In other words, the Israelites, and later on the Jews, based on the sacredness of the book of the Exodus should not be allowed to enter the land of Egypt (Mizrayim) once again after they had miraculously fled out of it. Neither could we by any stretch of logic view Egypt (Mizrayim) as one of the Israelites tribes as written in the book of Zachariah.

Ancient Egypt was a superpower in the ancient world and referring to the Egyptian empire as a tribe is completely unacceptable and leaves us with two options; either the author of the book of Zachariah is mistaken or that “Mizrayim” in his account refers to some tribal land far from the “ancient Egyptian empire” we all know.

So, in the book of Zachariah, a genuinely Arabian name by the way, we encounter a peculiar situation. We find the god of the Israelites refers to Egypt as the tribe of Mizrayim, and if that is not enough he goes on and threatens the Egyptians with lack of rain if they did not join other Israelite tribes and went up to celebrate the feast of tabernacles.

That once again leads us to view the “Mizrayim” mentioned in the book of Zachariah, and consequently in every other mention in the Hebrew Bible as some small tribal land that somehow followed the Israelite cult and therefore should perform the Israelite rituals including celebrating “the feast of tabernacles”.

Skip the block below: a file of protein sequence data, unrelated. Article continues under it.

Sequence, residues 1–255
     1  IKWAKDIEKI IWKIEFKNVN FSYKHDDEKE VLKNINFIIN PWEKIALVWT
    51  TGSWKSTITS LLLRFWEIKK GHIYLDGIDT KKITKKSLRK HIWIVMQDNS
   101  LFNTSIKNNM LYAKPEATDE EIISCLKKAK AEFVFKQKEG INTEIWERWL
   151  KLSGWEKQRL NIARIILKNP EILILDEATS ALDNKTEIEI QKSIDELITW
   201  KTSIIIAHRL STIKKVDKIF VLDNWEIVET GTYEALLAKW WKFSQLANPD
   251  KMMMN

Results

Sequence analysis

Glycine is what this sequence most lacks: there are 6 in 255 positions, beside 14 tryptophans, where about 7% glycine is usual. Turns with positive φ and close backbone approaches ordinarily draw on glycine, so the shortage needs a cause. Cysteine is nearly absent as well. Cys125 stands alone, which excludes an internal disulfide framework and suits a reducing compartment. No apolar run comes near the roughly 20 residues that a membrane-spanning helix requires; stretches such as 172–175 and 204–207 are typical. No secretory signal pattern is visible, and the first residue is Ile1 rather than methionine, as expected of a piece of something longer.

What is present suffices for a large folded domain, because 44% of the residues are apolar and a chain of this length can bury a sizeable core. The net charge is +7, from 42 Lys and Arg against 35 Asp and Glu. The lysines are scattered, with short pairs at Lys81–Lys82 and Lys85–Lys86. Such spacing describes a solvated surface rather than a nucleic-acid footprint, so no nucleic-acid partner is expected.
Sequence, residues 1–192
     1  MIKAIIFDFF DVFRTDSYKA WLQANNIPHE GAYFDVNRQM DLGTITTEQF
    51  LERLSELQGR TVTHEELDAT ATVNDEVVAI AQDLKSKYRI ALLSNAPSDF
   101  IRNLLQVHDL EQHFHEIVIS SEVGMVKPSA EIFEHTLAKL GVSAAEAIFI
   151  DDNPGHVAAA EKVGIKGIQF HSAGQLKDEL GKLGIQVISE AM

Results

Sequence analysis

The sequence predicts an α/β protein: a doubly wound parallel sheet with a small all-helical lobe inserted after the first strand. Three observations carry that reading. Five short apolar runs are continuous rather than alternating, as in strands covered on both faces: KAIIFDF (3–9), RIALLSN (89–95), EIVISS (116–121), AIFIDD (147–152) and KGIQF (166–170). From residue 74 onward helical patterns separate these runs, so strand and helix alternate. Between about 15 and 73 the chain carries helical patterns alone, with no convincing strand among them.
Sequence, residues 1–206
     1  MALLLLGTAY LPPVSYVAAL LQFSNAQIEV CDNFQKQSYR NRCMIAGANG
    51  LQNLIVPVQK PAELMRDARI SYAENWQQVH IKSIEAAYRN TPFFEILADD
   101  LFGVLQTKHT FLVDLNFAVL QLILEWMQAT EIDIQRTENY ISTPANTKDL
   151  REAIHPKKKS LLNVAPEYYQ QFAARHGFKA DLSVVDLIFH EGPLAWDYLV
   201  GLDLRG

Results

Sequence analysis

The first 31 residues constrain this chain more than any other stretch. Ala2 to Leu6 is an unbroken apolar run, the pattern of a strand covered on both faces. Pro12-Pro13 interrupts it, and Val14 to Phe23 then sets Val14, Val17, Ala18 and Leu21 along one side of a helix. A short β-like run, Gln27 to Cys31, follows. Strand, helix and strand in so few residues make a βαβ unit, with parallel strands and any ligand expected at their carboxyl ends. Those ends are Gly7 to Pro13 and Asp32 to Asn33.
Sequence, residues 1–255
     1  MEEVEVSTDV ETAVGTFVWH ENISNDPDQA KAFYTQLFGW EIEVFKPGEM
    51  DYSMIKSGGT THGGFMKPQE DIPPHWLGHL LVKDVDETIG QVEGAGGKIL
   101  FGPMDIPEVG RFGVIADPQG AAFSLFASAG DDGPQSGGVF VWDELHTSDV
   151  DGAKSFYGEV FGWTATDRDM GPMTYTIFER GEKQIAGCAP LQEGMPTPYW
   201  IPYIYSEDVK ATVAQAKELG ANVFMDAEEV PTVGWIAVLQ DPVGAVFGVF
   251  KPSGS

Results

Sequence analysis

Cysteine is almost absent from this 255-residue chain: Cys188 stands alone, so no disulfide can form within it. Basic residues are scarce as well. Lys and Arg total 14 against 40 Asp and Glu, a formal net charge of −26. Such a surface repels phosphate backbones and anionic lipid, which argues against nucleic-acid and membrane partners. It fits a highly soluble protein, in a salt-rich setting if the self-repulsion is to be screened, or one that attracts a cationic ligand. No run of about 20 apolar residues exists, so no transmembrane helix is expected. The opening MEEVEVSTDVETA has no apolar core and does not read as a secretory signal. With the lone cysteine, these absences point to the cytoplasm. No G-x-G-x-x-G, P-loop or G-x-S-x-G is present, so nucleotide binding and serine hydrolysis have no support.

One more point worth mentioning here is that it seems that the tribe of Mizrayim lived in some nomadic land in the desert that mainly depended on rain for its herding & farming, while ancient Egypt was a kingdom that relied primarily on the River Nile, and not the rain, for farming its vast lands and maintaining its agricultural economics.

Since the names of the Israelite gods (Yahweh, Hashem, and Elohim) are Arabian in origin, not to mention that the name “ Zachariah” is undoubtedly Arabian as well, we could conclude that “Mizrayim” mentioned in the Hebrew Bible is not meant by any means to refer to ancient Egypt, but rather to some small nomadic tribe located somewhere in ancient Arabia. And by ancient Arabia, we mean the south of Arabia and Yemen…